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South Carolina Club for Growth

JANUARY 21, 2016

SC Club for Growth Foundation Releases Legislative Scorecards
70% of Legislature Receives Failing Marks from Club 

COLUMBIA, S.C. –After Governor Haley’s State of the State address last night, the South Carolina Club for Growth Foundation released its 2015 Interim Legislative Scorecards. Of the 170 lawmakers in the General Assembly, only 7 representatives and 11 senators scored well enough to earn an A or B from the Club. However, the opposite end of the grading scale was well represented. 119 legislators received F grades from the conservative educational organization.

Scorecards can be found by clicking here.

The South Carolina Club for Growth Foundation scored 8 House votes and 9 Senate votes from the 2015 legislative session, including votes on ethics reform, the gas tax increase, and the removal of the confederate flag.

“It is no surprise that politicians often talk a great game back home only to vote against the interests of hardworking South Carolinians and often under the cover of darkness while using inside-the-capitol procedural tactics aimed at making it difficult for everyday people to follow,” said Club executive director R.J. May III. “These scorecards break through the clutter and paint a clear picture that shows who really cares about reducing spending, conservative reform, and other pro-growth issues.”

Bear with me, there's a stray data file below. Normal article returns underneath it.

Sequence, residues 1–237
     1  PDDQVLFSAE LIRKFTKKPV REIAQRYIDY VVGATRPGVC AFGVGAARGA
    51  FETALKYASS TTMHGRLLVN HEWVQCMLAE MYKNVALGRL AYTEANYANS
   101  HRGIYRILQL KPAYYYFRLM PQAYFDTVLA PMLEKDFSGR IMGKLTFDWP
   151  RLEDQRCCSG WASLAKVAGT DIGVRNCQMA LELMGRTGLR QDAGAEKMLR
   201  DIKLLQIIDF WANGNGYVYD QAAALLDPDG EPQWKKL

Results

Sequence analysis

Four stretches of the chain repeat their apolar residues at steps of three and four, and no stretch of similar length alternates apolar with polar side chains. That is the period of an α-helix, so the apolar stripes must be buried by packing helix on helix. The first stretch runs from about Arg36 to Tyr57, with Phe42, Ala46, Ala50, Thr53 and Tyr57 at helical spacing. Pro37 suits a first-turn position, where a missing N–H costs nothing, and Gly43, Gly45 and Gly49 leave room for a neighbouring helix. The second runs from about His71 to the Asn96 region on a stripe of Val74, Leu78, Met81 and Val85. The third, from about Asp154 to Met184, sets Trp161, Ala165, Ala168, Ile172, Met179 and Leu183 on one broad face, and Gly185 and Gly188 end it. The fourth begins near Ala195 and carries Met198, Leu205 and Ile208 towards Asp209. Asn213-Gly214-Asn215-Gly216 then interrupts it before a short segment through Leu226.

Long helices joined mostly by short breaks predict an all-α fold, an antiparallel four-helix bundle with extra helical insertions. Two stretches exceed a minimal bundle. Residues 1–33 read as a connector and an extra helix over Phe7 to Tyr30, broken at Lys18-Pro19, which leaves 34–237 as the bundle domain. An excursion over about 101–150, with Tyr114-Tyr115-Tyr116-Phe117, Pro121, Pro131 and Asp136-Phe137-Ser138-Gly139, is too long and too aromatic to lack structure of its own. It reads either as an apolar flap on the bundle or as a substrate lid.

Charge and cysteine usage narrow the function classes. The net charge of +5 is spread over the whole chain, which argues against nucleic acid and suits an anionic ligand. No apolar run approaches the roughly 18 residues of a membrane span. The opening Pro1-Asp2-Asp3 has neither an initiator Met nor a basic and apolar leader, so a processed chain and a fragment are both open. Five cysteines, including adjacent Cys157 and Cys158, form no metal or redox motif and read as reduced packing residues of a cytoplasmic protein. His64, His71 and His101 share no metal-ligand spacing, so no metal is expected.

Scores are based on a thorough analysis of the thousands of votes taken last session with a focus on the budget process, government reform and restructuring, and pro or anti-growth policies.

A pro-growth vote received the maximum number of points, while a vote against the pro-growth position received no points. In certain circumstances, points were deducted from legislators for changing a vote. If a legislator went on record as abstaining from a vote – due to a conflict of interest – that vote was not factored into their total score.

The SC Club for Growth Foundation Scorecard only looks at votes on the floor of the Senate and House or Representatives. It does not take into consideration a legislator’s work outside of the chambers.


Char. Dec 5

SC Club for Growth to Host Campaign School after House Republicans Cancel

With House GOP Caucus Out, SC Club for Growth Steps In

The South Carolina Club for Growth will host a campaign school in the Charleston area on the morning of December 5th.

The event, aimed at true conservatives who feel their current representation lacks fiscal fortitude, will cover a wide variety of topics and provide the best tactics for taking down entrenched incumbents.

The South Carolina Club for Growth encourages all pro-growth, limited government conservatives seeking to challenge liberal Republicans and democrats to join us on December 5th.

The discussion will feature speakers from some of the state’s top political consulting firms, including Walter Whetsell from Starboard Communications and Andrew Boucher from RightVoter.

The event is free but registration is required.

To register for the event, visit:

Please direct questions to



The South Carolina Club for Growth urges all Representatives to vote YES on any amendment that removes Part III, which bonds out almost $500 million for projects around the state.